The Ontario Health Coalition says the conditions in long term care is “deteriorating to a point that is terrifying.”
The coalition gathered advocates including unions such as the Ontario Nurses Association and CUPE, families with loved ones in long term care and workers Friday to talk about impact of the Omicron wave of COVID-19.
“To call situation a crisis is not an overstatement,” says Natalie Mehra of the coalition noting there are nearly 336 long term care homes – including eight in Lambton County – and over 270 retirement homes in outbreak. There are also about 200 outbreaks in Ontario’s hospitals including two at Bluewater Health.
Over 6,200 long term care residents and staff are COVID-19 positive today and 13 people died because of the virus yesterday.
“In a number of facilities, we’re seeing the lowest staffing levels we’ve ever seen,” says Mehra. “We’re not on the cusp of a health care crisis, we’re in a health care crisis.”
Cheri Sorenson, a personal support worker in long term care, says residents aren’t being bathed or having their teeth brushed because the workers don’t have time.
“It’s just incredible how they’re not being taken care of.
“We know at the end of the day were not doing the work were supposed to be doing,” says Sorenson. “We have all just had enough, some of us have said we want to leave but we can’t – we’re all they have.”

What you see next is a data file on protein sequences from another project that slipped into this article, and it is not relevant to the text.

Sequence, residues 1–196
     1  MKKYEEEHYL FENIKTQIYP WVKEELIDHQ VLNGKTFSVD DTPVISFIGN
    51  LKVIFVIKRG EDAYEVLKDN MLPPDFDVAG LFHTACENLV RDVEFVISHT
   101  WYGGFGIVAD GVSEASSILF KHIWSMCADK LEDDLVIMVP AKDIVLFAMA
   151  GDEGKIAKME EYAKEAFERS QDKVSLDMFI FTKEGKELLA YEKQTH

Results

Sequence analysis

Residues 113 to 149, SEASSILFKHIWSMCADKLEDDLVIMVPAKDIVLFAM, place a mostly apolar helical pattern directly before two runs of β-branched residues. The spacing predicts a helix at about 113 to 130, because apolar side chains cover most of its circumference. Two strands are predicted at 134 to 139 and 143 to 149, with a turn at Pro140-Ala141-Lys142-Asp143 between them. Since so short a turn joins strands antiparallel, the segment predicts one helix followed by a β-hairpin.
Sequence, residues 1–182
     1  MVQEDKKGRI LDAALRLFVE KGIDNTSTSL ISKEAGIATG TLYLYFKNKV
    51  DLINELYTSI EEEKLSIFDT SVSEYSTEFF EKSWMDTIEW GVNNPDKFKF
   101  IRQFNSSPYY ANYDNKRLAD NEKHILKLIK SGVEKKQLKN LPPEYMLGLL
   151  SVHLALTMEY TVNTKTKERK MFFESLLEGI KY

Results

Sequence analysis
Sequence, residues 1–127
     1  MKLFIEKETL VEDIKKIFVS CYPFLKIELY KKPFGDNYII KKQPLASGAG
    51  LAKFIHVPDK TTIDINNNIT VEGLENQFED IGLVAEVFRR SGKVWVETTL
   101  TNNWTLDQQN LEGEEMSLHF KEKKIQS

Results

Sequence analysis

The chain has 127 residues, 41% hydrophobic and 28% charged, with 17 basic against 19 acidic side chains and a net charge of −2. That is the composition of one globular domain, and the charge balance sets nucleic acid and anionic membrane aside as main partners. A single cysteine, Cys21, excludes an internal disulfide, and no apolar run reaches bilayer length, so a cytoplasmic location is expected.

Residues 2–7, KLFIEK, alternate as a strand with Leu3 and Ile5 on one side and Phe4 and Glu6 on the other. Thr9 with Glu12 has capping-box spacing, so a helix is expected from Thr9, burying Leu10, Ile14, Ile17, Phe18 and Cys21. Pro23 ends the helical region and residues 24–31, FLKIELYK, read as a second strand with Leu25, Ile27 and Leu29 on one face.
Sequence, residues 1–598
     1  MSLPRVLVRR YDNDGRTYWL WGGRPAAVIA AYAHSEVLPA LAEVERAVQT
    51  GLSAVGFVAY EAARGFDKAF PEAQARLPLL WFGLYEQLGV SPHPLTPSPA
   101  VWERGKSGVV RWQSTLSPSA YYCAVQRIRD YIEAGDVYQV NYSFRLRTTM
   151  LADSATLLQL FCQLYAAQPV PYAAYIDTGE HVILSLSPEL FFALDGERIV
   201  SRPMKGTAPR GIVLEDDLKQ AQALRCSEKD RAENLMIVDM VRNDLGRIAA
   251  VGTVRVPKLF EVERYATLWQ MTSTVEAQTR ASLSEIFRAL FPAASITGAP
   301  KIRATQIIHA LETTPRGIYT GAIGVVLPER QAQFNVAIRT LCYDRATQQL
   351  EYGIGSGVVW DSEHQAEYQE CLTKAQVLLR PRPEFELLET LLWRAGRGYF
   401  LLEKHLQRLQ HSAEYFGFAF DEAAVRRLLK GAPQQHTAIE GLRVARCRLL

Sandra Coleta lost her mother in a previous wave of COVID-19 and is now an advocate for long term care home reform. She’s angry. “We’re sitting here two years later and we’re seeing the same mistakes happen,” Coleta says adding family members want to help but in many cases are being shut out of homes. “We know families can come in safely, we know staff needs our backup.
“All the lives that were lost in long term care were lost in vain.”
Mehra calls the current crisis “a total failure of leadership” and the coalition wants to “get some actual action that would actually improve things and saves people’s lives.”
The situation is also tough in health care where the vice president of the Ontario Nurses Association says nurses have to triage their tasks because there simply isn’t enough staff to care for all the patients.
“They’re going to work crying because they know they can’t give the care they need,” says Angela Precanin.
The health coalition is calling on the province to urgently address the problems including calling in the military to help provide care, set up rapid response teams and a voluntary human resource deployment system to get people into long term care homes and hospitals to help.
Mehra adds all health care workers and essential care givers N95 masks and remove the barriers for internationally educated nurses and health care workers to allow them to start working immediately.
They also want clear reporting on the number of people actually providing care in long term care homes and hospitals.
Mehra is looking for action from the province this week and warns health care professionals will continue pushing the issue with Premier Doug Ford. “We’re not letting you off the hook. You don’t get to do PR announcements and do nothing to address the actual health care crisis.”
Meantime, Rod Phillips, the minister of long term care, announced yesterday he will be retiring from politics and will step down as long term care minister at the end of the month.
Paul Callandra, minister of legislative affairs and government house leader, will take on the long term care ministry as well. That’s being met with disbelief, with advocates concerned he will be a “part-time” minister when the COVID-19 crisis is worsening. They also point to an article in 2014 which outlined a family dispute where the minister was accused of stealing money from his elderly mother by family members.